- is contained alone within a one-hour fire-resistant chamber,
- is located at the lowest possible level, and
- is ventilated to the outside.
If you cannot locate your fuel tank indoors, consider installing it underground instead. Again, this limits both accessibility and visibility. However, because there is a higher risk of pollution when installing an underground storage tank (UST), you must:
- comply with the government's Pollution Prevention Guidelines,
- comply with the government's Groundwater Protection Code,
- buy a tank specially designed for underground use, and
- apply for planning permission.
If storing your heating oil tank indoors or underground is not a possibility for you, there are still steps you can take to maximise security for your outdoor tank.
Firstly, place your tank as far away from the road as possible. You don’t want opportunistic thieves to spot your tank while driving by, nor do you want to facilitate a quick getaway.
Secondly, if your tank is exposed, it's a good idea to conceal it with a fence, wall, plants or trellis. Just make sure to leave enough room for servicing, maintenance, and oil deliveries. You must also ensure compliance with OFTEC's fire-safety recommendations, which state that your tank should be at least:
- 1.8m away from non-fire-rated eaves of a building;
- 1.8m away from a non-fire-rated building or structure, such as a shed;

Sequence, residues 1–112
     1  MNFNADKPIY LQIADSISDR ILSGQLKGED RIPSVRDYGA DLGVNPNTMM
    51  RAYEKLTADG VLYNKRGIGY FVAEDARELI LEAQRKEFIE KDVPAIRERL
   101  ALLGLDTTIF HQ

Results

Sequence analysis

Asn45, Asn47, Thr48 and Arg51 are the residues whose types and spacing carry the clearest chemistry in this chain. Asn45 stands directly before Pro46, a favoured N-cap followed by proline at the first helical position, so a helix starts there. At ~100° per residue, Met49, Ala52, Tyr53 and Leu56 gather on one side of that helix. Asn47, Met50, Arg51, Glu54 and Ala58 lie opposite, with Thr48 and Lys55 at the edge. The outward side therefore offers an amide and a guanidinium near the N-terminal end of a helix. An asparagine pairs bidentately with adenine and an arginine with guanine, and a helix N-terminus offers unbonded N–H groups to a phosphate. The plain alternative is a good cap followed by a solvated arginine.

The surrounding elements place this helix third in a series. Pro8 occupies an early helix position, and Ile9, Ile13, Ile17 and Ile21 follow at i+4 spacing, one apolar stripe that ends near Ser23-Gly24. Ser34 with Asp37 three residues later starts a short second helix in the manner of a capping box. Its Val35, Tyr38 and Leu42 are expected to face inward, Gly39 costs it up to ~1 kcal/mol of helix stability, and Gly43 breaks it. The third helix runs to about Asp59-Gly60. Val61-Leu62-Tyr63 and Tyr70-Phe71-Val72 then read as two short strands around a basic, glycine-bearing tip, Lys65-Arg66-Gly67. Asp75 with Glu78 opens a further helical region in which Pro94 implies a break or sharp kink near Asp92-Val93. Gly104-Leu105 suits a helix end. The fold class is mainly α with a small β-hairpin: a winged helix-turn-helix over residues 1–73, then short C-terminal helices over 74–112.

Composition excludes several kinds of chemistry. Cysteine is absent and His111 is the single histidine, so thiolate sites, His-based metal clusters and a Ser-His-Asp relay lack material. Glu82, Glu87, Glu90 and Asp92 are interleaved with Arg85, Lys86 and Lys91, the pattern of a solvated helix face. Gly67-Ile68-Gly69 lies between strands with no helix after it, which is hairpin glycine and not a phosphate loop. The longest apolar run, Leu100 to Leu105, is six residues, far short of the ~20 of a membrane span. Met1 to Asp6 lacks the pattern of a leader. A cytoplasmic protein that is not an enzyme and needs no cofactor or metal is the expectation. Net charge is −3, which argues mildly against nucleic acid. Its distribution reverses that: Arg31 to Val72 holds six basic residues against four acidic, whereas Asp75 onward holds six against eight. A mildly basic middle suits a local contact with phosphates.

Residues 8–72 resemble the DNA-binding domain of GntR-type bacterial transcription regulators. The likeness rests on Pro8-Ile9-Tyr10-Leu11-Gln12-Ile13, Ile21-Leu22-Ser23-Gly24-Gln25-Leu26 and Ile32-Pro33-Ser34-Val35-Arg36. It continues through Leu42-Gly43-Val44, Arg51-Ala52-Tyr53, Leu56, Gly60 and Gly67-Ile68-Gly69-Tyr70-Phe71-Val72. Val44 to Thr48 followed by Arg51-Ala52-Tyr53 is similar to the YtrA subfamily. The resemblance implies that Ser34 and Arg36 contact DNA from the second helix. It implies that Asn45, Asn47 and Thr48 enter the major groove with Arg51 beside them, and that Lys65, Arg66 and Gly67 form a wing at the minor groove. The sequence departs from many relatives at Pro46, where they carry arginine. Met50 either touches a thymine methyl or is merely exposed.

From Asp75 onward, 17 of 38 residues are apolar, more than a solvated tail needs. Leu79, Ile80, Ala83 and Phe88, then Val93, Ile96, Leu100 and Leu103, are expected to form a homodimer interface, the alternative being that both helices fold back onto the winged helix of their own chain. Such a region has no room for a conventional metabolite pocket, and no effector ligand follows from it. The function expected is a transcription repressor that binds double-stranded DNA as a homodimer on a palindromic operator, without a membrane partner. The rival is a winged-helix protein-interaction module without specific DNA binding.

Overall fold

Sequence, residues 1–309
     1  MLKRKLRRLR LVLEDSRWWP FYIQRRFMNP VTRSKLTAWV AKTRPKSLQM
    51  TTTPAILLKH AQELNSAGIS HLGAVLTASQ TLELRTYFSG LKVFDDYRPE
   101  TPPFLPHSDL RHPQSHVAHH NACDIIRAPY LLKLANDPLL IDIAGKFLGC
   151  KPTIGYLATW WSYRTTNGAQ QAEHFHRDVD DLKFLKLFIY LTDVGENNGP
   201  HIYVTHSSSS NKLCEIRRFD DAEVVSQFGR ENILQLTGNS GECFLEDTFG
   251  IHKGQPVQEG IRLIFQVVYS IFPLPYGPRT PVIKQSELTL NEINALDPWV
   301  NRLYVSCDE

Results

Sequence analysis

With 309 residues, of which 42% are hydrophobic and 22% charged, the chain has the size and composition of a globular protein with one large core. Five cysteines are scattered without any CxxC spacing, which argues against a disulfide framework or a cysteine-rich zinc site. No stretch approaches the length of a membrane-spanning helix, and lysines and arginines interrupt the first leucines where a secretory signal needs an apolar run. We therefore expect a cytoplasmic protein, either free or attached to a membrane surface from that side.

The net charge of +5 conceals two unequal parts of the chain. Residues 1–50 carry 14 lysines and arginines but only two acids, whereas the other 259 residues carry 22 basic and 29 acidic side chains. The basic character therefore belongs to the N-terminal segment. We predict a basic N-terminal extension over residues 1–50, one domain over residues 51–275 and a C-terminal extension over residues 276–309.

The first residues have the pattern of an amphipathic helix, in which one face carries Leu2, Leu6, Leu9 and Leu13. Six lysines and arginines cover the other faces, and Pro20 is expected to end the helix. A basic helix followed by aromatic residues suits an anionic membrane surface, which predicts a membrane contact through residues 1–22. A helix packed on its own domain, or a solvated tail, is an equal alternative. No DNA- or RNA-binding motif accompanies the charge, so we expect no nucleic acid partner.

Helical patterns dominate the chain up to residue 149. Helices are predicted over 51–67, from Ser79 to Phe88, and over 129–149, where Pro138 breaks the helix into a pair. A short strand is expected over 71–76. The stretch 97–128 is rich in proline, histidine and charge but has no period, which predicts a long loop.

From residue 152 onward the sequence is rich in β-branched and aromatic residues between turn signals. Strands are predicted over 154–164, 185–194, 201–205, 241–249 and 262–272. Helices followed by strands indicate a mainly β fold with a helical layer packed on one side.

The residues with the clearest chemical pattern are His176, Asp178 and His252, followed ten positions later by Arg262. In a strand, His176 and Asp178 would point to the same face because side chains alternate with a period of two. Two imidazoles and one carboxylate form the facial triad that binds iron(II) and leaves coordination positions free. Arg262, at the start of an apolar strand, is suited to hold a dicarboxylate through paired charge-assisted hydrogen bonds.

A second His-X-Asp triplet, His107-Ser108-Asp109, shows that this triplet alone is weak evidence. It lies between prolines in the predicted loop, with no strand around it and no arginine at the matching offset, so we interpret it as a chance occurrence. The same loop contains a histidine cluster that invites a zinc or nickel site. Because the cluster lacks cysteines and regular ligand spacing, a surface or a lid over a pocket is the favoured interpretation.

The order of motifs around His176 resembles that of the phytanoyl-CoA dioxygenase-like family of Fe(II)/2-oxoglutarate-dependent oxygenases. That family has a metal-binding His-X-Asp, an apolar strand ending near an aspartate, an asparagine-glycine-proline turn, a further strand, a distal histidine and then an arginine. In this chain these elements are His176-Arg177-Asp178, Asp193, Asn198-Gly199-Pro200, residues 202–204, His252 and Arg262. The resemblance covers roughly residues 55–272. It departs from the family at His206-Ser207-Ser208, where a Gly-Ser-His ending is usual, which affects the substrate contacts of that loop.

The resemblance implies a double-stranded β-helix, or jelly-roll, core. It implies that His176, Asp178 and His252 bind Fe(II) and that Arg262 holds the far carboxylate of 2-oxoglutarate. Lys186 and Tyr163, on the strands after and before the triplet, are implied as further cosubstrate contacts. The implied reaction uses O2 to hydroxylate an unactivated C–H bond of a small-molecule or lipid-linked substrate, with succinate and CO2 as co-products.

- 1.8m away from openings in a fire-rated building or structure, such as a garage;
- 1.8m away from oil-fired appliance flue terminals;
- 760mm away from a non-fire-rated boundary, such as a wooden boundary fence;
- 600mm away from screening that does not form part of the boundary, such as a trellis.
If this is not possible, you'll need to install a fire protection barrier with at least 30 minutes' fire resistance. This has a minimum separation distance of 100mm.
Thirdly, if possible, install a roof over your tank. This will prevent thieves from spotting it on satellite images and targeting your home.
Fourthly, consider placing a gravel path up to and around your tank. This is a relatively easy and cost-effective tip. The gravel will create a noisy route that could spook trespassers — or even alert you to their presence.
And lastly, locate your tank in a position that is visible from inside your home. The potential of being spotted and caught is a huge deterrent for thieves. If your tank is visible from inside your home, you could also consider additional security measures so thieves think you’re at home even when you’re not. For example, you could use lightbulbs on a timer or leave the radio on when you go out.
3. Install an oil tank cage
If your tank is outdoors, there are still plenty of extra precautionary measures you can take to deter fuel theft. One of these options is an oil tank cage.
An oil tank cage is perhaps the best form of security available as it creates an extra physical barrier for thieves. The cage should fully enclose your tank while leaving enough room for maintenance and deliveries, and be bolted or concreted to the ground.
The downside of an oil tank cage is that it won’t work for everyone as it requires a large of amount of space. They’re also not the best-looking item to have in your garden!
4. Install security lighting